• Some carers do not see themselves as carers but see their duty/role as caring for their loved one. How do we communicate with people to be involved in research if they might not see this as relevant to them?
  • It’s important to acknowledge that people see themselves and name themselves differently. It’s important to understand the activities a ‘carer’ does for their person to understand if indeed they are a carer but also the help that matters to the person cared for.


  • Carers provide an immense level of skill and a wealth of knowledge that can support a research project.
  • Accurate research is not any good if it is asking the wrong question; carers need to be driving research questions and recommendations.
  • Many carers can be grieving, frustrated, angry, living with their own health and wellbeing and spiritual wellbeing needs, finance and housing needs, fighting for the person they care for. All these factors can cause them concerns and difficulties. Involvement should include an expectation of ‘recovery’ for the carers.
  • Carer relationships – both with service providers and with the people they support – affect their needs when involved with research. This makes PPI with carers unique from general PPI. They need a space to talk separately from these other groups, but also together with them. However, there is always a fluidity and overlap with people holding multiple roles.
  • Carers do not always have access to information on the support available to them. It can be helpful to share resources/links as part of the relationship developed within a research study, for example around eligibility for carers allowance.
  • Family carers’ experience in research is perhaps looking after only one or at least a limited number of members of their family; it is therefore a very personal experience. Every carer is an individual and they bring their unique personal values and capabilities to their caring role. It can be particularly difficult when they care for an individual that lacks capacity. It is somewhat different to be involved in research when one can bring a broader range of life experience to the table.
  • Made by a participant after hearing about the projects that some carers have involved in during the webinar: “One only hope that these excellent research projects are followed through with a positive impact rather than just a paper exercise. Walk the walk Talk the Talk”.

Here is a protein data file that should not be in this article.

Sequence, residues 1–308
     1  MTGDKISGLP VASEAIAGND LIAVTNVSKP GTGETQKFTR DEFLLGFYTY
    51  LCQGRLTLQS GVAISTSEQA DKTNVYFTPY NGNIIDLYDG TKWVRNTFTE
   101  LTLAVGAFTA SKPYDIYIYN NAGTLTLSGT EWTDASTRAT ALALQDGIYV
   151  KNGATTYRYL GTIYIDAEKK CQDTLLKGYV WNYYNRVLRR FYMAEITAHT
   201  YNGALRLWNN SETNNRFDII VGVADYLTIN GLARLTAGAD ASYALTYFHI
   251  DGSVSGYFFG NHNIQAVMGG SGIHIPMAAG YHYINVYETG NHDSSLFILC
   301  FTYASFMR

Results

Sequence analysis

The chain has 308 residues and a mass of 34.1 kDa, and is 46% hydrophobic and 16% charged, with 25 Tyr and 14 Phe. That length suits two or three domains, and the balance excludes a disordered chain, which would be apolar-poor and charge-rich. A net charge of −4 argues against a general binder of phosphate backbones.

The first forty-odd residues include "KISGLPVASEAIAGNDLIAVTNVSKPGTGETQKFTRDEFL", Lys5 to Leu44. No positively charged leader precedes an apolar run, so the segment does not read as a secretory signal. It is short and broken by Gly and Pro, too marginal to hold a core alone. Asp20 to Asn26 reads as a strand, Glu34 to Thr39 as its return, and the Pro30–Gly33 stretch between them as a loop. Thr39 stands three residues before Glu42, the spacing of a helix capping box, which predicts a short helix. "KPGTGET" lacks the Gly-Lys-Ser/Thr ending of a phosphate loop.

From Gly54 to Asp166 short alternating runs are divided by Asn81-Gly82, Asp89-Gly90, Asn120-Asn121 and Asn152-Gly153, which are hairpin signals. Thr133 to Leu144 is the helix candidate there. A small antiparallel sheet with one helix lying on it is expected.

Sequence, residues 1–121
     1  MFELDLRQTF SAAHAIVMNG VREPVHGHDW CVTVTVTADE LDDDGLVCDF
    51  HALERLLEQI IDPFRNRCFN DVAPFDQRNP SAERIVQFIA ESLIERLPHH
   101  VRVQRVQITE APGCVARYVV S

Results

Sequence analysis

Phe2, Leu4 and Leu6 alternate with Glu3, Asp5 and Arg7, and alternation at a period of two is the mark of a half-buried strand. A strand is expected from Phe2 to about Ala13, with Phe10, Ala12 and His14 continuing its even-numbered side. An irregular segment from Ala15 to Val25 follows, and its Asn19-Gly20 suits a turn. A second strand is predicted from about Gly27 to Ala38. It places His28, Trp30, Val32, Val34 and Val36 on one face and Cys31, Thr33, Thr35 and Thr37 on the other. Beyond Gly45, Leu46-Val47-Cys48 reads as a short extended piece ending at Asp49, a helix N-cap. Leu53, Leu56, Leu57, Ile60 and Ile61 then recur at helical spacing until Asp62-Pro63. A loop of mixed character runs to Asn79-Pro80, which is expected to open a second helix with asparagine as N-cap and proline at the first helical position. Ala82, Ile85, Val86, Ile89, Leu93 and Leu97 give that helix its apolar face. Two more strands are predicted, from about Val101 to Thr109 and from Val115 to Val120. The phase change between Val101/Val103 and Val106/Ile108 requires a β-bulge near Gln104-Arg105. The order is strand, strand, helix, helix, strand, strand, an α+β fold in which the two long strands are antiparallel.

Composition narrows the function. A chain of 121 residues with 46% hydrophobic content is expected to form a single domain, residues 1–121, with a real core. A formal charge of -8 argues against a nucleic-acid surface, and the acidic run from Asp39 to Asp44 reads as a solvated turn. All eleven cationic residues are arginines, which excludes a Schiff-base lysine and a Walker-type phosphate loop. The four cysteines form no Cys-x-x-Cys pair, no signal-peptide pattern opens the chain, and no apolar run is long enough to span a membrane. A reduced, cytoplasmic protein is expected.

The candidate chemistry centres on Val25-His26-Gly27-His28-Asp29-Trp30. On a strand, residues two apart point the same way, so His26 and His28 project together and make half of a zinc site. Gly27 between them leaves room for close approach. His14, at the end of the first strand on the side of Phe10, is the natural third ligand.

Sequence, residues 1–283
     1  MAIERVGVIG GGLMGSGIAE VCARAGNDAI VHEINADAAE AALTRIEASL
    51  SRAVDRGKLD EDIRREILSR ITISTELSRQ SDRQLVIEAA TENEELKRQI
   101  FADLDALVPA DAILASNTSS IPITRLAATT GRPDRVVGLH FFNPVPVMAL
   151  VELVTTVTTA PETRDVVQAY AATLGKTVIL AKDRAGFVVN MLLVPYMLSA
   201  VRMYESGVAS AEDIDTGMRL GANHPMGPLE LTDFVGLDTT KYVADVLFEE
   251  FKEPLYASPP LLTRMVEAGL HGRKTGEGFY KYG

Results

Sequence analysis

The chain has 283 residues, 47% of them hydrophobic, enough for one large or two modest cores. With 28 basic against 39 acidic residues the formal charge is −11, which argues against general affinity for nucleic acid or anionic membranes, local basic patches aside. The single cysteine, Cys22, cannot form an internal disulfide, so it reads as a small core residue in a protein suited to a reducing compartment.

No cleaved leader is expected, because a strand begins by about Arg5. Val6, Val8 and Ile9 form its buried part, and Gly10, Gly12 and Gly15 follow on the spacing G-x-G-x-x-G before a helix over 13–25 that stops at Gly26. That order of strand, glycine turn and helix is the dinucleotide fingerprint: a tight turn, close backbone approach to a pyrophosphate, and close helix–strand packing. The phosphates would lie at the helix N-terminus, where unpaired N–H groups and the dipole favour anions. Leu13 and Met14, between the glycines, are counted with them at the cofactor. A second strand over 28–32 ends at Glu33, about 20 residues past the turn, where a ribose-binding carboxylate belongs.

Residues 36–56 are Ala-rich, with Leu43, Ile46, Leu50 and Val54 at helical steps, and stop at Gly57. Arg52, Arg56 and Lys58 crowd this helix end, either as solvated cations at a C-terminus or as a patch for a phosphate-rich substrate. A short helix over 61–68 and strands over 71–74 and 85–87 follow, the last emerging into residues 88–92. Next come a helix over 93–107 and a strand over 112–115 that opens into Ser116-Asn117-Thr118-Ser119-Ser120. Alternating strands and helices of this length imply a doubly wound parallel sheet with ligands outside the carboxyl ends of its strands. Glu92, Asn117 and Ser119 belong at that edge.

• Research needs to become more accessible.
  • Payment processes in many places still do not work.
  • Many carers work and cannot find the time or space to engage in research and are concerned about loss of earnings. Those not- working can be negatively affected by payments issues linked to the benefits system/carers allowance.
  • It can be difficult to balance the carer perspective with patient/service user perspective as well as managing whose narrative is being shared.

Suggestions were made to support improved involvement in research:

  • A checklist for what carers should expect when taking part in research that is shared with them when inviting them to join a research study/activity.
  • A guide on standards that should be in place across all research studies and activities.
  • Some guidance for carers on how to navigate the ethics of what to reveal on behalf of the cared for person, especially if the latter lacks capacity.
  • Understanding of how much training does a member of the public (carer) needs in ‘research’ to be involved in all stages of a research project from pre-bid to producing and sharing a published report and the findings.
  • Developing networks of carers involved in research to support and learn from each other.


Involving carers in research – if done right – will significantly improve the quality and outcomes from research. It will also support those carers to develop their own skills and value the contribution they are making to research that should have the potential to improve lives.

It is important to remember that there is no one size fits all approach to involving carers in research. But there are several points to consider.

■ Involve carers from the get-go and reflect their views

An obvious, though frequently missed, factor is that it is beneficial to involve carers from the beginning of research, and this begins with a blank page. Carers should be co-designing the research questions and researchers should be getting to the nuggets of what carers are interested in, rather than involving carers to provide inputs to pre-determined research questions.

■ Engage widely